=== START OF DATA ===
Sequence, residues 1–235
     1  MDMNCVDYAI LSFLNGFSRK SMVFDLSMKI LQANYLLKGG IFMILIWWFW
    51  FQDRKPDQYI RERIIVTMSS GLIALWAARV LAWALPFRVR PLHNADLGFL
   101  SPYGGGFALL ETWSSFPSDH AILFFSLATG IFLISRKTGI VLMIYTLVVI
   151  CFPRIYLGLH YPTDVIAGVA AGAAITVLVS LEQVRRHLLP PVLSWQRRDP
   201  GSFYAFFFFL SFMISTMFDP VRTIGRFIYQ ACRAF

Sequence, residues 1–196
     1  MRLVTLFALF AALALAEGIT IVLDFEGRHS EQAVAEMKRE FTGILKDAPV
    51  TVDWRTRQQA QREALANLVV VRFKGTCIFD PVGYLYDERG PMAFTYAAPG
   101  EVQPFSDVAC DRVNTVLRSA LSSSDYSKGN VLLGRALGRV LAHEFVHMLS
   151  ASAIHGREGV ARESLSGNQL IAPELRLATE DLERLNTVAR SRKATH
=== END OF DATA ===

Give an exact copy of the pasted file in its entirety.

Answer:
Sequence, residues 1–235
     1  MDMNCVDYAI LSFLNGFSRK SMVFDLSMKI LQANYLLKGG IFMILIWWFW
    51  FQDRKPDQYI RERIIVTMSS GLIALWAARV LAWALPFRVR PLHNADLGFL
   101  SPYGGGFALL ETWSSFPSDH AILFFSLATG IFLISRKTGI VLMIYTLVVI
   151  CFPRIYLGLH YPTDVIAGVA AGAAITVLVS LEQVRRHLLP PVLSWQRRDP
   201  GSFYAFFFFL SFMISTMFDP VRTIGRFIYQ ACRAF

Sequence, residues 1–196
     1  MRLVTLFALF AALALAEGIT IVLDFEGRHS EQAVAEMKRE FTGILKDAPV
    51  TVDWRTRQQA QREALANLVV VRFKGTCIFD PVGYLYDERG PMAFTYAAPG
   101  EVQPFSDVAC DRVNTVLRSA LSSSDYSKGN VLLGRALGRV LAHEFVHMLS
   151  ASAIHGREGV ARESLSGNQL IAPELRLATE DLERLNTVAR SRKATH